Month: May 2017

Back To From Where It All Started. Back to Basics

By the time you’ll be reading this, I’ll be flying over the Black sea, inching my way towards Oman, before finally boarding the flight to New Delhi. If you already do not know, I am arriving home after a 2-month backpacking trip across Europe. But all this time, as I backpacked across Europe, a part of which seemed more like a business trip, and less like backpacking, I wondered if this was originally how I planned my travels would end up as I’ll progress as a travel writer. I mean after exploring 8 beautiful countries across the green European continent, why do I still miss a part of what I’d left behind. Why do I still crave to explore some empty rain-forests, or the colossal Himalayas, where I’ve already been a thousand other times before. Why do I find such vast spaces more charming than ever now, despite them being a place where Google hardly works, and cell phones lose their reception too — making the experience a bit too unfavourable for any web-blogger like me? And yet, I …

Top Holiday destinations For Wheelchair Users

Everyone enjoys going on holiday – but it’s easier for some than others. If you use a wheelchair to get around, for some of the time or always, you need to research the accessibility of locations. The surrounding area and terrain is of upmost importance, and you’ll want to know the hotel can cater to all your requirements. In addition to picking up the phone and talking to someone, this guide to travelling with a medical condition suggests using Google’s Street View to get a feel for the local area – if there are any shops or other facilities, and whether you’d be able to get around with ease. But to help you decide where to start your search, I’ve done my bit too, and handpicked some top holiday destinations for wheelchair users: Tenerife, Spain If you’re after a bit of sun, Tenerife is one of the most popular destinations in Europe for disabled travellers. With a bit of online research, you’ll be able to find an adapted hotel or apartment to suit. There are walkways, …

Budapest: In Pictures

I have so much to write from my recent trip to Europe, that even after writing a dozen stories, it looks like I’ve just scratched the surface of it. Sure two months was a good amount of time to get an idea of what travelling in Europe is like, but it was sure not enough — especially if you want to understand the culture and history of a place. And when we’re talking about places like Budapest, things become even tougher — for Budapest, and Hungary at large, has a rich history associated to it. However, during a total of 7 day period (the time I stayed in Budapest), I still managed to learn a bit about it, even if from a very shallow perspective. So I thought of putting up at least one pictures post on Budapest where I can tell some stories via the pictures. Here you go… A view of the city divided by the River Danube. Pest on the right side and Buda on the left. These two cities were merged …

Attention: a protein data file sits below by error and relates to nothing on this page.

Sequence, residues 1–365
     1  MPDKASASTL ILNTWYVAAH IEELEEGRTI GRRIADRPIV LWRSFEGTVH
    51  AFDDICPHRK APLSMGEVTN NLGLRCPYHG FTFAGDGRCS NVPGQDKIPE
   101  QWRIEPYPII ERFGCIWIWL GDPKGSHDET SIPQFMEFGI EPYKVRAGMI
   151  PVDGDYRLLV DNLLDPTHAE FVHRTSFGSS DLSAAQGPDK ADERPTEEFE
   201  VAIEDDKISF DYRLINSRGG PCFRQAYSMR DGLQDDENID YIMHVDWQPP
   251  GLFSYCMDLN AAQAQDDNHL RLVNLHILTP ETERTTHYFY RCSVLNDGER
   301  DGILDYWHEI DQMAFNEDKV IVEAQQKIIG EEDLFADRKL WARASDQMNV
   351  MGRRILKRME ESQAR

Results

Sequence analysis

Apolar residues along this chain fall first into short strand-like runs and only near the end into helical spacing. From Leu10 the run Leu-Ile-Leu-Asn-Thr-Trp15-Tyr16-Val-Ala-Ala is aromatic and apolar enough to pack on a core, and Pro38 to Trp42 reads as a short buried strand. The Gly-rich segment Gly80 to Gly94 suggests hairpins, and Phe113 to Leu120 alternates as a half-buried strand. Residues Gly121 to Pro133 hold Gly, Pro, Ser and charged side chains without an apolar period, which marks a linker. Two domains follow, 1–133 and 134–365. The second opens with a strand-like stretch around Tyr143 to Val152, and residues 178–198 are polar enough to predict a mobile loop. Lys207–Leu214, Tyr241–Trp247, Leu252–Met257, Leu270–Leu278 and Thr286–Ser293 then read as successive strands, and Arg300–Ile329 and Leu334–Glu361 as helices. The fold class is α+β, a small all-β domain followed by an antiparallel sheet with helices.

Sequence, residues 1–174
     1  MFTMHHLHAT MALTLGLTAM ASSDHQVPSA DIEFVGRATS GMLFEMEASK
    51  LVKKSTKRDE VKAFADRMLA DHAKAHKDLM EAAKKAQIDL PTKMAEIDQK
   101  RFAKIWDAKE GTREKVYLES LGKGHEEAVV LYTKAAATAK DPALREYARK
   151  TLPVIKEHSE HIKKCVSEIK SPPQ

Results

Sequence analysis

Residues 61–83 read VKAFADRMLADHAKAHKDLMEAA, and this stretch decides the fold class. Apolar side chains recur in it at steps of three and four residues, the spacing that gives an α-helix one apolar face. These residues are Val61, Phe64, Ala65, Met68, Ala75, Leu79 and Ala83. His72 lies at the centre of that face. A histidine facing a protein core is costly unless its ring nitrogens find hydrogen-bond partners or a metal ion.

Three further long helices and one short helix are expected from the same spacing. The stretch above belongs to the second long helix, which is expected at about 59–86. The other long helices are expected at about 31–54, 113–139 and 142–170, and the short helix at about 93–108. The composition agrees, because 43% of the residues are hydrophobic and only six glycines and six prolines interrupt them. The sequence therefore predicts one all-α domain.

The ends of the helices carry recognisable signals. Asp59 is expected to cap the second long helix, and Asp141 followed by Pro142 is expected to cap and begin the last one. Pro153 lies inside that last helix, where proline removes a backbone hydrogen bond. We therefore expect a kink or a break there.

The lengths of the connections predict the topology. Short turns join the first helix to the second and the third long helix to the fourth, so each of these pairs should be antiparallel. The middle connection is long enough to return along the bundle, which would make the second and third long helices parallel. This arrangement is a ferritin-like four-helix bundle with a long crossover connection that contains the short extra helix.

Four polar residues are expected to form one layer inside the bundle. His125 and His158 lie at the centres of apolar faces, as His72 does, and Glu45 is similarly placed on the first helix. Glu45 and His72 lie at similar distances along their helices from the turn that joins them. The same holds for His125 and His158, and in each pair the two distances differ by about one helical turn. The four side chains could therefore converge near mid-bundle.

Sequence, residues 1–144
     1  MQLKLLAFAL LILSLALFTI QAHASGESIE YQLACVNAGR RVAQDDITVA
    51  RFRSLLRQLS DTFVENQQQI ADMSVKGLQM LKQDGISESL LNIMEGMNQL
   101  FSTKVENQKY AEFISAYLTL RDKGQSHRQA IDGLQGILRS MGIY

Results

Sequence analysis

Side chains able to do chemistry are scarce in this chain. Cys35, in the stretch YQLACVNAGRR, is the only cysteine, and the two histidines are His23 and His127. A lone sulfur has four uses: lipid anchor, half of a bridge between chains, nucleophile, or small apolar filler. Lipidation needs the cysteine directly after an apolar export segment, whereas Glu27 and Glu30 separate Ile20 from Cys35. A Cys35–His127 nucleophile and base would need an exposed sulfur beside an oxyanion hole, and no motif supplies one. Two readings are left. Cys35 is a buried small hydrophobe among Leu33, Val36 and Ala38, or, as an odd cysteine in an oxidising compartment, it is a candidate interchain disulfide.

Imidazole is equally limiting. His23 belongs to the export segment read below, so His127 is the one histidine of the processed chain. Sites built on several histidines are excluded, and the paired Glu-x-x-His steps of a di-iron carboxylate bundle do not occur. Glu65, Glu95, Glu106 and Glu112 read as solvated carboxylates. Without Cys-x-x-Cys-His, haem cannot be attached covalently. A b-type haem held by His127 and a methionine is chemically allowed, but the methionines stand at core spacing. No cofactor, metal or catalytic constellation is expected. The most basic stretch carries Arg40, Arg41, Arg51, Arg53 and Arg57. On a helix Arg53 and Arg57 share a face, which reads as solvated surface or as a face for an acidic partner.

Gardens Of Villa d’Este, in Tivoli

The hilltop town of Tivoli, back in time, may just be a summer retreat for ancient Romans, but today, it is home for two UNESCO World Heritage sites: Villa Adriana, the sprawling estate of Emperor Hadrian; and the 16th-century Villa d’Este, a Renaissance villa famous for its landscaped gardens and lavish fountains. During my two week workawaying in Italy, near Rome, I happened to explore the old city of Tivoli, and in Tivoli, perhaps the most surreal gardens I’ve seen in my life. Villa d’Este, as I had imagined (after watching its glimpse in the Hollywood movie Lizzie McGuire) to be grand, majestic and awe-inspiring. But it turned out to be something more than that, something far magical and unrealistic. The detailed Villa d’Este dates from the mid 16th century when Cardinal Ippolito d’Este decided to make changes to the convent he was given, upon his appointment as the governor of Tivoli, Italy. A member of an influential family and a lover of the finest things in life, d’Este commissioned his architect to build a new, grand residence filled with everything that money could buy and from what …

My Journey Through Cambodia’s Depressing Past

[I visited Cambodia in 2016, but this is an edited version of the original story provided (by me) to and published by the print version of… Harmony – Celebrate Age, in May 2017] The mugshot of several dozen victims of the Khmer Rouge genocide lay in front of me. Some appeared to have a broken jawbone, and some, a few missing teeth. I winced every time I looked at a new face. The man next to me, however, stood still, though he appeared twitching from time to time. He looked Cambodian, and unlike me, I realised, he might just be finding the entire sight a lot more tormenting. A few faces might perhaps be familiar to him. I’d arrived in Phnom Penh only a day before, and I was already inside the infamous site of S-21 Tuol Sleng Jail. The place had some appeal, after all, S-21 of Phnom Penh is the reason why so many tourists come to Cambodia, at first place. After struggling with the thoughts and studying different faces for a few long minutes, …